So we zoom out and we say, how have people attacked operational productivity with information technology? Well, in the ’60s, they bought a mainframe, and they got some terminals and a bunch of COBOL programmers, and they wrote a few apps. And most of them were kind of back-room apps. And it sort of worked for the very few that could afford to do this.
In the ’70s, they got a mainframe and some terminals, and they did the same thing. And a few of them got a few mini computers and terminals and tried to do it a little cheaper.
In the ’80s, nothing changed. Mainframe and terminals, minis and terminals. Until maybe about two or three years ago.
What happened two or three years ago was that the front office started to realize that they needed operational apps so bad that they couldn’t depend on the MIS folks anymore. They started taking life into their own hands and sometimes working with the MIS folks to start downsizing and getting some servers and running some industry-standard databases like Sybase or Oracle in the servers, and making a little local area network, and getting maybe some Sun Workstations, and spending about two years writing some mission-critical operational applications. Like trading apps for Wall Street, perfect example.
And it kind of worked. And the reason that they needed to do this was because more and more, they were discovering that things like new products required a custom operational application. An example, if you’re in financial services and you come up with a new product, it’s only three things. It’s an idea, it’s a sales force, and it’s a custom app to bang on databases to make the product real, to do the mortgage swaps or whatever it is you want to do.
Without the app, you don’t have a product.
And so there has been an increasing buildup of demand from the front parts of corporations to create more and more and more of these operational applications. And I think it’s going to get to the point where this becomes fairly clear that this is the next big revolution in desktop computing, is to attack the operational productivity.
And as we start to re-engineer the way we do things, to automate a lot of this in custom applications. Sounds a little strange now, to most people. Sounds like desktop publishing in 1985. Nobody knew what it was, everybody thought it was kind of a strange vertical thing over there.
But my guess is it’s pretty horizontal. And we’re attacking vertical markets now that know they want this. And it’s going extremely well. Sun is the only company that’s really had any success at this, and we’re knocking them out of the box.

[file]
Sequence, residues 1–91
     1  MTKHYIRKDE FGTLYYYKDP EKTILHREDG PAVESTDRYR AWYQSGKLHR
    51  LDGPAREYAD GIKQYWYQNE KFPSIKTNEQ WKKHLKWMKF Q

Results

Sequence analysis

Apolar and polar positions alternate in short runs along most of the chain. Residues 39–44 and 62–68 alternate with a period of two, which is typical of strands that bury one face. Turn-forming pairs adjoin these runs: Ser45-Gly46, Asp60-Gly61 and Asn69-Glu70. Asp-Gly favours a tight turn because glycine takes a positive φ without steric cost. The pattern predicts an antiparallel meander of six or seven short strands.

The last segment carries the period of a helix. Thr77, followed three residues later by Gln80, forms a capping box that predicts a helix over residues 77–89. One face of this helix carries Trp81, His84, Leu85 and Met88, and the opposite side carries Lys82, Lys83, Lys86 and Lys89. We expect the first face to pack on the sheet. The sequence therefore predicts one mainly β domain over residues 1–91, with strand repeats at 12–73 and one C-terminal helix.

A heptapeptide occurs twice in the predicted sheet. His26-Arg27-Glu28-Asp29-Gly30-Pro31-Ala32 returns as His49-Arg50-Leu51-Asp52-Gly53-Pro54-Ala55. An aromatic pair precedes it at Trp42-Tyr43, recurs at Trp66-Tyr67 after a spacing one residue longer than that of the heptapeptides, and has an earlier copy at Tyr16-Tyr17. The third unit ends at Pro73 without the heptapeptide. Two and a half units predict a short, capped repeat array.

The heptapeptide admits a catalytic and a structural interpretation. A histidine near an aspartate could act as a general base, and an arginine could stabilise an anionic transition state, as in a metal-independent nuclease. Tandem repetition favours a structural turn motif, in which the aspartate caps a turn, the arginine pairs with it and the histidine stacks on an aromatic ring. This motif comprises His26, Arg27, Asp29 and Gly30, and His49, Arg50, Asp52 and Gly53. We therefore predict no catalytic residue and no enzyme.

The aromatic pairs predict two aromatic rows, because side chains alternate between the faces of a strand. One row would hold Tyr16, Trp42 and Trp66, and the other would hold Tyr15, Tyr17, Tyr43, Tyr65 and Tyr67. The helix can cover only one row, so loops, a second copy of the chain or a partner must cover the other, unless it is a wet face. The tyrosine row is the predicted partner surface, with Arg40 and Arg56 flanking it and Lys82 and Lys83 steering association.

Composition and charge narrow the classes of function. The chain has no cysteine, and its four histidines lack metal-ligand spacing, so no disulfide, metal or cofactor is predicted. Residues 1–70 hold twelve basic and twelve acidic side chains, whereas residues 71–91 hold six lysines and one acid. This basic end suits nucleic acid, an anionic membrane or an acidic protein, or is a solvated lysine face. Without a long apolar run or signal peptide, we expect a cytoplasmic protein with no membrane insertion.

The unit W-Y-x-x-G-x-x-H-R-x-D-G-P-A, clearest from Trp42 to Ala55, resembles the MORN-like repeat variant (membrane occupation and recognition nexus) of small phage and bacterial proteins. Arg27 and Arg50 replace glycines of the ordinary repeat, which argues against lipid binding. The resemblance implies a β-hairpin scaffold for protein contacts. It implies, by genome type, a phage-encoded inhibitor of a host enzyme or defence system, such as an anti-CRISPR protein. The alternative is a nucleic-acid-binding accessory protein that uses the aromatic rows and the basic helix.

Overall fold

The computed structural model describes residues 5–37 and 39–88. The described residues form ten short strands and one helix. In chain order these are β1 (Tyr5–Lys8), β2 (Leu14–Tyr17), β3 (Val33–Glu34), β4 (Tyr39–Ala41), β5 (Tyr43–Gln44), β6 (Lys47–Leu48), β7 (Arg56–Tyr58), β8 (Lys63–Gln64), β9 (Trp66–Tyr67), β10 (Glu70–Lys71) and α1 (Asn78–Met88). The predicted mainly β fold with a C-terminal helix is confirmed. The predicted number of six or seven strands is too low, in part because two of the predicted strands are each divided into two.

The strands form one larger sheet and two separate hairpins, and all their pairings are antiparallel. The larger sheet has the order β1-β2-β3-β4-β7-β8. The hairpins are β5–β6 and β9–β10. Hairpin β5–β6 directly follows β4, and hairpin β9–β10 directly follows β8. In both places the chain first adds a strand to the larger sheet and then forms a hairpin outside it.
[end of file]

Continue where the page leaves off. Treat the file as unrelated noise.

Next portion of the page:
Because we came up with the software called NeXTSTEP which lets you build apps five to 10 times faster than anything anyone’s ever seen. And after you build them, they’re deployable and usable by mere mortals, because it’s really easy to use, this computer. And you can interoperate your custom apps seamlessly with a bunch of off-the-shelf productivity apps.
So we go to these companies that use Suns and take two years to write their apps — or are thinking about using Suns, and they can write their apps in about 90 days on a NeXT.
Now, if you’re on Wall Street and you can create a new product in 90 days versus your competitor in two years, that’s eight new products you can field for their every one. And you can start to see the competitive advantage that can be created this way.
Now, we had no idea that we were any good at this when we started NeXT. A lot of times you don’t know what your competitive advantage is when you launch a new product. Let me give you historical example.
When we created — how many of you guys use Macs? Anybody? Good.
How many of you have seen a NeXT? Oh, how many of you use a NeXT? Oh, that’s not so bad. We’d like to change that ratio a little bit. We’re on the right track.
When we did the Macintosh, we never anticipated desktop publishing when we created the Mac. Sounds funny, because that turned out to be the Mac’s compelling advantage, right? The thing that it did not one and a half or two times better than everything else, but four or five times better than anything else, where you had to have one.
We never anticipated it. We anticipated bitmap displays and laser printers, but we never thought about page maker, that whole industry really coming down to the desktop. Maybe we weren’t smart enough.
But we were smart enough to see it start to happen nine to 12 months later. And we changed our entire marketing and business strategy to focus on desktop publishing, and it became the Trojan horse that eventually got the Mac into corporate America, where it could show its owners all the other wonderful things it could do.